Korean Peninsula

The crisis on the Korean Peninsula is bringing the region closer to open military conflict than it’s been for many years, with unimaginable humanitarian consequences. By accident or design, the actions by North Korea and the United States could result in a nuclear detonation.

The war of words between Donald Trump and Kim Jong-un, reflects escalating provocations on both sides.

On 7 July the UN adopted the first-ever, legally-binding Treaty on the Prohibition of Nuclear Weapons. The UK boycotted the UN’s global nuclear ban negotiations. Britain greeted the treaty’s adoption with a statement signed jointly with the US and France, declaring: ‘We do not intend to sign, ratify or ever become party to it.’

A month later, President Trump was threatening ‘fire and fury like the world has never seen’.

The atomic bombs dropped on Hiroshima and Nagasaki in 1945 resulted in an estimated 250,000 deaths and fire storms that stripped skin from flesh. Survivors described the victims as being so heavily burned they no longer looked human. In the months that followed, many more died from radiation poisoning.

The impact is felt to this day. Second and third generation Hibakusha, the children and grandchildren of atom bomb survivors, are still suffering cancers and birth defects.

Not all bomb victims were Japanese. Some were Korean. The events of 1945 were being commemorated around the world on Nagasaki Day, when Trump’s tweet hit the headlines.

Tensions on the Korean Peninsula have mounted in 2017:

  • March –US-South Korean military conduct a series of exercises involving tens of thousands of military personnel.
  • April –US announces THAAD, its Theatre High Altitude Area Defences anti-missile system in South Korea is operational.
  • July 28 – North Korea conducts a successful intercontinental ballistic missile test over the Sea of Japan; the US and South Korea reply with live-fire missile exercises.
  • August 8 – Trump threatens ‘fire and fury’ in a tweet; US Defence Secretary James Mattis calls for diplomacy.
  • August 15 – Kim Jung-un says wait and see to North Korean military plan for a ballistic missile test over the US territory of Guam.
  • August 21 – 10 days of US-led Ulchi Guardian Freedom exercises begin, simulating nuclear war with North Korea; Britain participates alongside Australia, Canada, Colombian, Denmark, the Netherlands, and New Zealand.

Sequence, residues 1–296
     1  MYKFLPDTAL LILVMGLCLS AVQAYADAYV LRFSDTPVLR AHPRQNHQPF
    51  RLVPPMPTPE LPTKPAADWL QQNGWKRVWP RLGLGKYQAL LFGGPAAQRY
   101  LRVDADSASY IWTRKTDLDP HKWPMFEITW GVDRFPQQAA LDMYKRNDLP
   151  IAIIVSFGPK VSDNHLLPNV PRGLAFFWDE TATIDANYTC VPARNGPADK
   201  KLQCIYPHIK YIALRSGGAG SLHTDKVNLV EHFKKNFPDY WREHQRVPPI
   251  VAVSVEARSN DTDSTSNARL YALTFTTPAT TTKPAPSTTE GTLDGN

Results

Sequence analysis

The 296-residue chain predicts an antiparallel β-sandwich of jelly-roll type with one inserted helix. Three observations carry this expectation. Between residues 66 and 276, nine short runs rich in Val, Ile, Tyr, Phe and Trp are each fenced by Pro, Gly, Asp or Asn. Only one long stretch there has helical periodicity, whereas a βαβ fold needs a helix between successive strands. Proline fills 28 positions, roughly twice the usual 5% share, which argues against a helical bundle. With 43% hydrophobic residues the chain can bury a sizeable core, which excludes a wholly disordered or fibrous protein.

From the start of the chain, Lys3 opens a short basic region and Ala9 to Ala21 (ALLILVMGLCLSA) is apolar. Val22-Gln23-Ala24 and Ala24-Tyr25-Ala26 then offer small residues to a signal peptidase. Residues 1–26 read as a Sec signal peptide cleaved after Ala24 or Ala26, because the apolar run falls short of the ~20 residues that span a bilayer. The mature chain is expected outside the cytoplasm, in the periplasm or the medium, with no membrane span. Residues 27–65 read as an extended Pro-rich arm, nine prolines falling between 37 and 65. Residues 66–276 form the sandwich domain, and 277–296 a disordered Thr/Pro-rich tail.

• August 29 –North Korea sends a short-range missile over the Japanese island of Hokkaido; Trump responds that ‘all options are on the table’; Secretary of State Rex Tillerson tells the media it’s never too late for diplomacy.
  • September 3 – North Korea announces it has successfully tested a hydrogen bomb.
  • September 11 – US calls an emergency meeting of the Security Council; its tones down its demand for an oil embargo due to Chinese and Russian opposition.

In South Korea, calls to end the US military have also been growing. There is a large and permanent US military presence in South Korea, 35,000 personnel and over 55 US bases.

Small delegations from the newly-formed People’s Democracy Party of South Korea (PDP) visited the US, Britain and Germany in March and April, demanding US troops and bases out of Korea and the dismantling of THAAD.

The PDP’s Peace Expedition returned at the end of August, highlighting opposition to Ulchi Guardian Freedom. On 8 September, the PDP and other civil society groups launched a three-week Peace Tour of 16 cities across South Korea.

Theresa May’s support for diplomacy has been ambiguous. In Japan recently, she assured Prime Minister Shinzo Abe that the UK will take part in military training with Japan next year and send an anti-submarine frigate to the region.

Jeremy Corbyn however has left no one in doubt where he stands, calling on North Korea and the US to get round the table. He told May she should help cool things down. ‘There can be no question of blind loyalty to the erratic and belligerent Trump administration,’ he said.

Emily Thornberry expressed the same view in a parliamentary debate: ‘for the US to turn its back on diplomacy at this stage is simply irresponsible and, as its closest ally, we must be prepared to say so.’ An Early Day Motion recently tabled by Green MP Caroline Lucas, has attracted the support of Catherine West and other Labour MPs.

These no-war views should be reinforced by Labour conference – from the platform and from the floor. The underlying causes of the nuclear crisis on the Korean Peninsula should be addressed, including with the creation of a nuclear weapons free zone.

As the Lucas motion suggests, the British government should promote peace and security for all peoples in the region. The best contribution Labour can make is by ruling out support for a military solution.


By Carol Turner

Carol Turner is a Vice Chair of Labour CND and author of Corbyn and Trident: Labour’s continuing controversy, available £9.95 post free from Public Reading Rooms http://www.prruk.org/

Visit CND’s website at www.cnduk.org – lobby your MP, sign the letter to Theresa May, and come to our protest at Downing Street, 5pm to 6.30pm, Thursday 29 September.